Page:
The 49-year-old von Habsburg was in Lviv in March to announce the creation of a foundation that carries his family’s name. Based in Ivano-Frankivsk, the Habsburg Foundation will promote and preserve the cultural legacy that for centuries shaped and gave Central and Eastern Europe its identity.

    Along with translating books about the Habsburgs, the foundation is also planning to create the Halychyna Award, a prize that will honor individuals who promote the region’s culture through art, books or media.

    While the foundation is still in its infancy, von Habsburg says its mission is vital.

    “In this area, we need to do something about keeping the heritage alive, the history and the intellectual history. Authors came here because they got their inspiration here,” he told the Kyiv Post in an interview.

    At the turn of the twentieth century, the Austro-Hungarian Empire – which gave Central and Eastern Europe much of its art, culture and architecture – spanned from Ukraine’s Carpathian Mountains, down to the Adriatic Sea in the south. It encompassed more that twelve European peoples and its monarchy, the Habsburgs, had enjoyed over six centuries of uninterrupted power.

    A recent book by renowned historian Timothy Snyder chronicles the life of Wilhelm von Habsburg, the member of the Habsburg family who was closest aligned with Ukrainians. Titled The Red Prince, it brought renewed attention to the family’s connections with the region.

    Better known as Vasyl Vashyvaniy, Wilhelm was the younger son of Archduke Karl Stephan, who was in line to eventually become King of Poland. In a bid to save his crumbling world, in 1916, Emperor Franz Josef I, along with his German counterpart, had created a Polish kingdom as an independent state with a hereditary monarchy.

    Wilhelm, however, had his own goal: He wanted to establish a monarchy on the territory of what is today’s western Ukraine. Snyder writes that the idea was well-received, particularly among some Ukrainian military leaders and the Church.

    A military officer by training, Wilhelm supported Ukraine’s independence struggle during World War I. He fought with Ukrainian troops against the Russians, and had schemed and cajoled a myriad of politicians to support his monarchial aspirations. Almost until his death at the hands of the Soviets in 1948 – he was snatched off the streets of Vienna and transported to a prison in Kyiv for working as an agent against the Soviet Union – Wilhelm believed this slice of the family’s empire could be his.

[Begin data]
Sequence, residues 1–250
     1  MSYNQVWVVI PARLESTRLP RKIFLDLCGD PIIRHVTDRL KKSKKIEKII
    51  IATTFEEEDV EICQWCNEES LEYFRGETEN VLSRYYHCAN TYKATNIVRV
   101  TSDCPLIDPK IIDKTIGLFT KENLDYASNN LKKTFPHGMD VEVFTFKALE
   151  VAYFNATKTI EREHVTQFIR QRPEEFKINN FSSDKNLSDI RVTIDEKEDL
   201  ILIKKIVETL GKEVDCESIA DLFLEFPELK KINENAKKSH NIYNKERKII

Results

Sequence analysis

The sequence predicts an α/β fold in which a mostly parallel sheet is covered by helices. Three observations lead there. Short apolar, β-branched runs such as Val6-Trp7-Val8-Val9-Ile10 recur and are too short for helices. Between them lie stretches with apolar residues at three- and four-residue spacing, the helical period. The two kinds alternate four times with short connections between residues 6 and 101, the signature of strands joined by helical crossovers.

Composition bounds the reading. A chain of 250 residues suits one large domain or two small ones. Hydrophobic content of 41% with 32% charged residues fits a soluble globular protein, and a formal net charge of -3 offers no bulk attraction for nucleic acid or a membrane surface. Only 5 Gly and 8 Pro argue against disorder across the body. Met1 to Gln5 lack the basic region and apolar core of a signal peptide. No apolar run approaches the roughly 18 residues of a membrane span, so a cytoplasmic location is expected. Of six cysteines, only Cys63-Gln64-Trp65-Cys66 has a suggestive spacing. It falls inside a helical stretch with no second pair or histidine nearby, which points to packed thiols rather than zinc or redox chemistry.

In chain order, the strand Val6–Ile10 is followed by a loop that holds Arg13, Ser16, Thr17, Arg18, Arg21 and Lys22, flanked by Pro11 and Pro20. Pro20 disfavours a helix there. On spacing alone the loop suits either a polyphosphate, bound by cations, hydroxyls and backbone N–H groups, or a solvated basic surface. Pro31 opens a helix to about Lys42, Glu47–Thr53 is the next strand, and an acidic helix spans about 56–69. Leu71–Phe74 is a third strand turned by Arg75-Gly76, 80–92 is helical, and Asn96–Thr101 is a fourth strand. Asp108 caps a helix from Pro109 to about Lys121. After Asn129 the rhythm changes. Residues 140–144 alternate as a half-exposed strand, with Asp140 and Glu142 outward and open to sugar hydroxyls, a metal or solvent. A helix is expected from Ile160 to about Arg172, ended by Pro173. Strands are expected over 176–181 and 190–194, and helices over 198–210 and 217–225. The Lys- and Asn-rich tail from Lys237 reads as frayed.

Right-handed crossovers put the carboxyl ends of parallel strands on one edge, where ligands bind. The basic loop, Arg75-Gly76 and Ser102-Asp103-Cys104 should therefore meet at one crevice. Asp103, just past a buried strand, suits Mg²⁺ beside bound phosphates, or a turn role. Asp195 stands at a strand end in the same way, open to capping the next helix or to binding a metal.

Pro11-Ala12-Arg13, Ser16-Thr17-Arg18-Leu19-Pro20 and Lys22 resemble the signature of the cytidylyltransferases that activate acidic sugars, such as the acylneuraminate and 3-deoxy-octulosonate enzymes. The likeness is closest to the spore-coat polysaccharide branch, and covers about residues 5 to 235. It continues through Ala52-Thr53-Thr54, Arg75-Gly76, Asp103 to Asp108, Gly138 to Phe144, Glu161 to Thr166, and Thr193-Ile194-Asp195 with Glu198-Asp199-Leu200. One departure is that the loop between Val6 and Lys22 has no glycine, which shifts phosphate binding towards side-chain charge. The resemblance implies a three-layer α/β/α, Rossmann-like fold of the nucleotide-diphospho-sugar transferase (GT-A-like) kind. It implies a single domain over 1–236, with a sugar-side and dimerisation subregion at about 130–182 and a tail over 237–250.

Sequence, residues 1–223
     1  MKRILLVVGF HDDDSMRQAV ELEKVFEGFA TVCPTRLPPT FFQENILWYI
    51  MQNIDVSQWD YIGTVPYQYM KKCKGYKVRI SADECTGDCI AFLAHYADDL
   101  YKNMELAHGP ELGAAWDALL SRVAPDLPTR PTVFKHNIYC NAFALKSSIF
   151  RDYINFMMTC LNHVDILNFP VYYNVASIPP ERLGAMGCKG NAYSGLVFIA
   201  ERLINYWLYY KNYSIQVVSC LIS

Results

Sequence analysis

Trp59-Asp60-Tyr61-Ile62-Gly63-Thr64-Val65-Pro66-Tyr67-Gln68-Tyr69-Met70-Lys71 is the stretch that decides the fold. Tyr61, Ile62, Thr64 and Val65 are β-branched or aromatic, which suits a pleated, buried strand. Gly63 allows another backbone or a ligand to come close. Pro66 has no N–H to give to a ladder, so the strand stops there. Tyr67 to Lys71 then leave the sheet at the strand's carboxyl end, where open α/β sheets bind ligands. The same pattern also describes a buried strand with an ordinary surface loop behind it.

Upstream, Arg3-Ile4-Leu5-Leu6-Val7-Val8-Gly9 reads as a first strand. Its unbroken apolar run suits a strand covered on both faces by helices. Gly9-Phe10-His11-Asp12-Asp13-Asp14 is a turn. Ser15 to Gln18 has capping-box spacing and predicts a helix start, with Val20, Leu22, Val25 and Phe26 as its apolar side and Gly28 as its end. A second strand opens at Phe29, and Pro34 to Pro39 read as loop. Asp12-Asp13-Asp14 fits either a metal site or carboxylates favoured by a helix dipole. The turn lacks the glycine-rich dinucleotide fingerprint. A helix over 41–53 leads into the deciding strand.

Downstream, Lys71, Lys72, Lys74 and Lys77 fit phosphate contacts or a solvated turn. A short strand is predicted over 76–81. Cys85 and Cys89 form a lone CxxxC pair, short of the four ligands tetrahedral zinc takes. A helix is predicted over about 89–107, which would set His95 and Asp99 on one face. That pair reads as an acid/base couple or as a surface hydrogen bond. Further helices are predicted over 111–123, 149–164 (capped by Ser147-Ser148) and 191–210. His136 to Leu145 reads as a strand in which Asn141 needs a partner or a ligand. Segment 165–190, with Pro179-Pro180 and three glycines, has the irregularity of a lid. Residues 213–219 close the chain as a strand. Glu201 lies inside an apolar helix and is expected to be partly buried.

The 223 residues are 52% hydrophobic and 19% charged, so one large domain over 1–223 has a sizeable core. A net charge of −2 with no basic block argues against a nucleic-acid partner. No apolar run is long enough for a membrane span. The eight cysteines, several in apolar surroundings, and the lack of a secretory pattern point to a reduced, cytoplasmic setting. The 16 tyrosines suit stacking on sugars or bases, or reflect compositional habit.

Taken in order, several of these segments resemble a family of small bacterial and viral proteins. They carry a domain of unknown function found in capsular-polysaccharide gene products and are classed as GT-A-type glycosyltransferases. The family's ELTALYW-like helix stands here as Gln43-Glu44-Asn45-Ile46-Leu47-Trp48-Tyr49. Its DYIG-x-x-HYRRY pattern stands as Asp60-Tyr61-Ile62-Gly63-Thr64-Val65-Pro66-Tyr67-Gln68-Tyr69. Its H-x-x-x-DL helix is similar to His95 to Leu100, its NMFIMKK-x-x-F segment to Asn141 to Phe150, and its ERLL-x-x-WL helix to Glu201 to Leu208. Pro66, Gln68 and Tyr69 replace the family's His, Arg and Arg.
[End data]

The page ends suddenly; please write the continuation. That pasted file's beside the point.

Although Wilhelm remains a lesser known figure in history books, von Hapsburg said he is aware of the role he played both within the family’s and Ukraine’s history.

    “I knew about his existence and I know of the important political dimension,” von Habsburg said. “I read [Snyder’s book] and kept asking my father, ‘Is this true?’”

    The Habsburg era has undergone somewhat of a renaissance lately in western Ukraine; the new foundation is just the latest in that trend. A conference held late last year brought scholars from around the country to Chernivtsi, which along with Lviv was considered an important city in the region. A Ukrainian-language book on Wilhelm titled The Ukrainian Patriot from the Habsburg Dynasty was published in 2008. It outlines not only his biography, but also contains archival documents and Wilhelm’s correspondence with Ukrainian military and religious leaders.

    Yet as much as his family’s legacy may be making a comeback in Ukraine, the Habsburgs have had a harder time in Austria, von Habsburg said. Otto was only allowed to return to Austria in the early 1960s after renouncing claims to the throne.

    Still, von Habsburg and his relatives remain politically active. Von Habsburg was once a member of the European parliament, while others currently hold posts there. One relative even became a citizen of Georgia and is her new country’s ambassador in Germany.

    “It’s a family that hasn’t focused on just one part of the world,” von Habsburg said.

    “It’s a family that hasn’t focused on just one part of the world,” von Habsburg said. LOL! Yeah, that’s certainly true. Especially for Karl.

    But it’s also quite apparent that Ukraine is a top global priority for expanding the Habsburg’s influence. Actions speak louder than words, and Karl’s new Ukrainian radio station says a lot:

    Karl Habsburg-Lothringen: We now have a truly European radio station in Ukraine

    Georgi Gotev
    Published: 22/01/2015 – 07:48 | Updated: 22/01/2015 – 08:26